Have you ever broken something and not been saddened by it? Can you tell us about that? I quit smoking cold turkey in 2000; two years later I buried a relative from smoking-related illness. I still miss some aspects of it—the social crutch, the way it dovetailed with my writing. But no sadness.

If you could break one law and get away with it consequence-free, what would it be? Deleting everyone’s debt (though that would probably violate several laws, alas). But to just make all those numbers go away: it would change this country.

Do you have any rules for yourself, a code of some sort, which you’d never break? No. I have many rules I try to live by, but life does a fine job of challenging even the simplest convictions.

Did you struggle with the letter you were assigned, or did the ideas come freely? I actually had two ideas. One became far more personal than I anticipated, and I needed to talk to my mother before proceeding with the story, which didn’t happen until after the deadline. So I ended up on the Plan B for V, as it were, which seemed to turn out okay—? We’ll see what readers say!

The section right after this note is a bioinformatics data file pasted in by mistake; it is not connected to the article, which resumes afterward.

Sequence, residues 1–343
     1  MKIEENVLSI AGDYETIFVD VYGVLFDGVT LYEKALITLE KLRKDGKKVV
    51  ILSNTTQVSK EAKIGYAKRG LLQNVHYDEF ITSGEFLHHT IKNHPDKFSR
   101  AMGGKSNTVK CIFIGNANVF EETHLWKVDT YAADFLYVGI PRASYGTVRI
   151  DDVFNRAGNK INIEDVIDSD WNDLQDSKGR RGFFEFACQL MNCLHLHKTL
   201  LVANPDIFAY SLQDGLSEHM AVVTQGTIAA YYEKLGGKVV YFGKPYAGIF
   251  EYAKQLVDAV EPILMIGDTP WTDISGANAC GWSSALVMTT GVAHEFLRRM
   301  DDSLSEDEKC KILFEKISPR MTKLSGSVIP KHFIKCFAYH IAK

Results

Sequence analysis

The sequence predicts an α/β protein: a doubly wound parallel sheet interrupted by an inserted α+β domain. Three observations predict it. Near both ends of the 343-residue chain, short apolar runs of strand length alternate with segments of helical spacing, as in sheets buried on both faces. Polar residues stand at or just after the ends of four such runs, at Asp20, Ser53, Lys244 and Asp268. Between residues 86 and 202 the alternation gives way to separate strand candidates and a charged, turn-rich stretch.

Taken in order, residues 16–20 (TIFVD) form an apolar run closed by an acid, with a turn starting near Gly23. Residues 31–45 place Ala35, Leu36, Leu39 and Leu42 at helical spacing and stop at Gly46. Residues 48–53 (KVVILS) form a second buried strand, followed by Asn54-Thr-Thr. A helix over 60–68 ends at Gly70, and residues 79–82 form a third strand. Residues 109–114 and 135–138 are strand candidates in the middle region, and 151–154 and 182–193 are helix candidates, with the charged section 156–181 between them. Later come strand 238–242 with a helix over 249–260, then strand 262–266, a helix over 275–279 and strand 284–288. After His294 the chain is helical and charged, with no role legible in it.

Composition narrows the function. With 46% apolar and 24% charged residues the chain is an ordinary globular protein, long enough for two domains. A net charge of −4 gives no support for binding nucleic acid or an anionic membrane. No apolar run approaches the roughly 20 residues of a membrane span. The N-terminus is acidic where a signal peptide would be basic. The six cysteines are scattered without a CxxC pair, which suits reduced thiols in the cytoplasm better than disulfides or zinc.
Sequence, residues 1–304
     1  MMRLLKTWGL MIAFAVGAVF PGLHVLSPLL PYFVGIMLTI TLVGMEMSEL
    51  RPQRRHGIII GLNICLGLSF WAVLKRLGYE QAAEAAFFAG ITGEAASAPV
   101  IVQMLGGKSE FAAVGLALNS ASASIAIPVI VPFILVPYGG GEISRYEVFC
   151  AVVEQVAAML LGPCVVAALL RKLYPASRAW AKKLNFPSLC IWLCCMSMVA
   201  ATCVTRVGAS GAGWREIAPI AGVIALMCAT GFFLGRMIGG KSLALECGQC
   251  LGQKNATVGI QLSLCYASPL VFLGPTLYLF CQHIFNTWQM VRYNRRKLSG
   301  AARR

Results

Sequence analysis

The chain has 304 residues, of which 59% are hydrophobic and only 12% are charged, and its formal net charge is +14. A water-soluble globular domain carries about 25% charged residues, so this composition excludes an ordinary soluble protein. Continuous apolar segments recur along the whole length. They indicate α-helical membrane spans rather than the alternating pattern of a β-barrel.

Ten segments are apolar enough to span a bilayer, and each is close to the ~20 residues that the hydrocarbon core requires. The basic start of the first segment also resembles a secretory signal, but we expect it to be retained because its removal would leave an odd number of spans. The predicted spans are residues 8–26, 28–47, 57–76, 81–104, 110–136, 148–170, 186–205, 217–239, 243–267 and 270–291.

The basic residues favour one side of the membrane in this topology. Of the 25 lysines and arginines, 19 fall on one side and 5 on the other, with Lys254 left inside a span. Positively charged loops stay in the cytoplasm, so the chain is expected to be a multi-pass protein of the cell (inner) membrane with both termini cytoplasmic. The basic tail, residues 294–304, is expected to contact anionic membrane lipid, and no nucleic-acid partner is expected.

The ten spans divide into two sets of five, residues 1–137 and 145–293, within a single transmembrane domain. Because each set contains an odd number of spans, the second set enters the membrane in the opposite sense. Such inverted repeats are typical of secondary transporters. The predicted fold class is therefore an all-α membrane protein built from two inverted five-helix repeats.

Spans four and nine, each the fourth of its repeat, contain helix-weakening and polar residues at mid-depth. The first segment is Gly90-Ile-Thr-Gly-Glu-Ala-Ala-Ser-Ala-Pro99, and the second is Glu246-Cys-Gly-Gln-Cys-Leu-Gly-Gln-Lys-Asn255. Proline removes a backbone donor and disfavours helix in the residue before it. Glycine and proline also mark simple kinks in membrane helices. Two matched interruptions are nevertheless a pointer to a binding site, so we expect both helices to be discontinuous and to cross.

What, aside from the anthology’s theme and your letter inspired your story? There’s about a half-dozen myths and motifs that I have been circling around, well, I suppose for all of my writing life, which is longer than my adult life. One of them is part of this story. Too, I was reading Hilary Mantel’s A Place of Greater Safety at the time, so I had that period of French history in my head—both its violence and its idiosyncrasies. And it all got me thinking about how a person’s life, their entire context for being in the world, can change in a moment, whether due to something personal or national . . . or perhaps even supernatural.


L.S. Johnson lives in Northern California. Her fiction has appeared or is forthcoming in Strange Horizons, Interzone, Long Hidden, Fae, Lackington’s, Strange Tales V, and other venues. Currently she is working on a fantasy trilogy set in 18th century Europe.

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B is for Broken is available now at:
Barnes and Noble

And add it to your shelves at Goodreads